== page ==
“Grant Boosts Efforts to Catalog Secrets Hidden in Old Library Books,” an article published in U.Va. Today, provides a nice introduction to the project–formerly called Hidden in Plain Sight–that has turned into Book Traces @ U.Va.
Associate Professor of English Andrew Stauffer began a crowd-sourced project, “Book Traces,” earlier this year to preserve this hidden literary life of the 19th century before many older volumes get moved off of library shelves. He considers the project an “intervention” to retrieve these fragile copies that reveal aspects of social life, the history of reading and uses of the book.
Now Stauffer has teamed with Kara McClurken, head of the University Library’s preservation services, to expand the recovery effort. The Council on Library and Information Resources recently awarded them a two-year, $221,000 grant for their project, “Hidden in Plain Sight,” to discover, describe and preserve unique pre-1923 books in the circulating collection.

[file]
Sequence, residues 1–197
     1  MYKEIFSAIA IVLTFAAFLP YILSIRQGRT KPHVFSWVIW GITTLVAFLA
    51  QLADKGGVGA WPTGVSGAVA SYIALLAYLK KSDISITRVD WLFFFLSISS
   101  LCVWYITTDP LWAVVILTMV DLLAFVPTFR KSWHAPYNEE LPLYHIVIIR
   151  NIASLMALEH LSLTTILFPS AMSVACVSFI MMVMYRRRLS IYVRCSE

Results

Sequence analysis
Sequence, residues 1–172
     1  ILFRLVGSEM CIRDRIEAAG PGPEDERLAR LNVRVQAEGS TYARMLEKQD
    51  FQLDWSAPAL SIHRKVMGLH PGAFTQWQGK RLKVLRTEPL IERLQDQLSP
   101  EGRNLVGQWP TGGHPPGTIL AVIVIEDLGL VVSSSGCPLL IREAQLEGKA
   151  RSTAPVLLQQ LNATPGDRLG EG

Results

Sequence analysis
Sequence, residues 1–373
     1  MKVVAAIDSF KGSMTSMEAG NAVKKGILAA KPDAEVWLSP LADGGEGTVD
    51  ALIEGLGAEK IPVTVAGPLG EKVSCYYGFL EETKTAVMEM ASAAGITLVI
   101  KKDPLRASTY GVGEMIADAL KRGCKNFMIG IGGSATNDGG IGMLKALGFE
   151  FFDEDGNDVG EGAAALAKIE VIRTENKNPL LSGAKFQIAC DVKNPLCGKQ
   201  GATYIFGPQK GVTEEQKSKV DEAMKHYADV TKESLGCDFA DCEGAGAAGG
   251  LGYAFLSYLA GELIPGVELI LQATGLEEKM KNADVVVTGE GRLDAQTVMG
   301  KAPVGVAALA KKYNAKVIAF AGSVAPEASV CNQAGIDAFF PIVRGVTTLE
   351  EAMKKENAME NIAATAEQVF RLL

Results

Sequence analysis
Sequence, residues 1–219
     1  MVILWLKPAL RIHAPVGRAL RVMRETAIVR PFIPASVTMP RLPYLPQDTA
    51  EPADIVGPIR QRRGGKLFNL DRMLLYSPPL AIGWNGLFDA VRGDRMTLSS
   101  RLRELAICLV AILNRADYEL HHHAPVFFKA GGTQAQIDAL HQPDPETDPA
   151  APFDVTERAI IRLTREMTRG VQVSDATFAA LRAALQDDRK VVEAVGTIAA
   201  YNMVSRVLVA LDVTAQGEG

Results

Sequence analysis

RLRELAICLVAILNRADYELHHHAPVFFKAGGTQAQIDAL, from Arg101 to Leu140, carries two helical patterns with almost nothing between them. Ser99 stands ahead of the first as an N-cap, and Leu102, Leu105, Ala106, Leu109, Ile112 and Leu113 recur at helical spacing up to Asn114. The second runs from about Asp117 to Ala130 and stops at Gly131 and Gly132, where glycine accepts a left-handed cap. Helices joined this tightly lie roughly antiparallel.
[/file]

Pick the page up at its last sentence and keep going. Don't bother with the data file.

After the 1895 Rotunda fire destroyed U.Va.’s library, many people donated their own books to rebuild the collection, McClurken said.
Like many readers, “I used to think that things written in books were nothing but a defacement,” she said.
Then McClurken met Stauffer this summer in a Rare Book School class in the library. Through their conversations, she began to understand there were important things to be learned from the marginalia and artifacts found on the pages. The historical evidence “has a role to play” in scholarly research, she said.
With the grant, library staff members will seek to identify subject areas that are most likely to have marginalia. They’ll work on a process to record the information and enter it into the online catalogue; at U.Va., that’s Virgo. Because many of the volumes are fragile, they’ll figure out how best to preserve them. Another goal is to make sure other academic libraries can use the process.
Read the full article on the U.Va. Today website.